With classrooms likely not in session for the remainder of the school year, the shift for Vancouver Island students to learn at home is underway.
But the sentiment from many teachers as to how it will unfold is uncertain at best.
The willpower is there. However, getting everyone on an even playing field is job No. 1 said Carolyn Howe, vice-president of the Greater Victoria Teachers Association. High school teachers were expected to deliver material starting this week.
“High school is concerning, it’s a pass-fail system, and the question is how can we deal with what we are missing,” Howe said. “We have to wrap our heads around it really fast.”
Sixteen-year-old Jaqi Hinkle was given a 10-minute window to clear her locker out at Mount Douglas secondary and grab any other essential learning materials she will need to complete Grade 11. Hinkle is worried about self-motivation but also feels like staff at the school, and the school district, are doing the best they can.
“I want to finish the year, but the way that classes are currently set up, only some things are assigned, so it’s unclear what it’s going to look like,” Hinkle said. “I’m certainly glad I’m not in Grade 12 right now, and glad I can go back and catch up.”
Since spring break, Vic High history teacher Brian Bradley has reached out to his Grade 11 and 12 students. He encountered a collection of cases that vary greatly.
“Some kids are raring to go, they are keen to finish Grade 12,” Bradley said. “Then I have [students] who are struggling while living on their own with further isolation and depression.”
In one case, a student’s entire household is stricken with illness that the family believes is COVID-19. In other situations, students live in households with both parents working at home which means access to digital technology is limited and shared. Not every home has an unlimited internet data plan or up-to-date technology.
Add to that the fact some youth with jobs, such as working at grocery stores, are now an important part of the household, Howe said.
As for teachers, some had already integrated a lot of curriculum online. Others, however, are not as keen on digital learning and the shift online is a major learning curve.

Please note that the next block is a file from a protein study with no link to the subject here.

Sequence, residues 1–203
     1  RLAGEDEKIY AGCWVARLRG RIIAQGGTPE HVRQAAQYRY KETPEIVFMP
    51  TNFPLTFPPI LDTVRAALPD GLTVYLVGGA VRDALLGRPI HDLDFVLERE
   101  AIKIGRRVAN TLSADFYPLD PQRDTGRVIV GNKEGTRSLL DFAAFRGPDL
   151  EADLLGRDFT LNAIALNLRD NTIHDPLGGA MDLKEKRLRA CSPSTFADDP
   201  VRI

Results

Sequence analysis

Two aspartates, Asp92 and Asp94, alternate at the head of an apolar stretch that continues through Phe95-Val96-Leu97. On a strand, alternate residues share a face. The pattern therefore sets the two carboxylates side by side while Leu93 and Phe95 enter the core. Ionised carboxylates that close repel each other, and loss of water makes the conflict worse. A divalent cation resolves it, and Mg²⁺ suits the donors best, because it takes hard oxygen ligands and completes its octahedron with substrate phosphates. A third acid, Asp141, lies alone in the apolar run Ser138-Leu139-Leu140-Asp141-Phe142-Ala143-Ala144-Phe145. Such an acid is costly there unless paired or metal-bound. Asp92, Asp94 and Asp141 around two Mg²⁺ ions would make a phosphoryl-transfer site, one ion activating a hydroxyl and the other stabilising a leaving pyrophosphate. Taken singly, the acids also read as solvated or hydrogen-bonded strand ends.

“We are problem solving,” said Jordan Watters, chair of the Greater Victoria school board. “We don’t have all the answers but we have a great team, so we are lucky.”
Watters knows the difficulty parents face. The government employee is working from home while managing three kids, a preschooler, Grade 1 and Grade 3, as her partner is an essential worker with Cool Aid.
“Teachers are trying to distill the curriculum so that it’s meaningful and helpful,” Watters said. “The message we really want going out to teachers and parents is that it needs to be manageable. If parents have concerns they should connect with the teacher.”
It’s best to consider parents as facilitators, not teachers, she added.
“Parents aren’t expected to bear the responsibility of a teacher,” Watters said.
The biggest misconception right now is that digital technology will solve everything, Howe said, though it remains a key piece of the solution.
For instance, last week’s influx of parents and teachers alike temporarily crashed the widely used FreshGrade app that is used as a direct line of communication between teachers and parents in Greater Victoria elementary schools.
“We caution people thinking that everyone needs a computer and internet,” Howe said. “The conversation now is also how can we get texts to kids. Technology is only one barrier. There are other ways to connect with teachers to learn remotely.”
Social media posts have gone viral all over North America of teachers making home visits and giving one-on-one lessons to children while separated by a window or sliding glass door. It’s part of the concerted effort by teachers to maintain a regular, face-to-face connection with students.
“The other day the teacher for our Grade 3 class dropped off an iPad to one of the students,” Watters said.
“I’m curious to see how it all works out,” Hinkle said.
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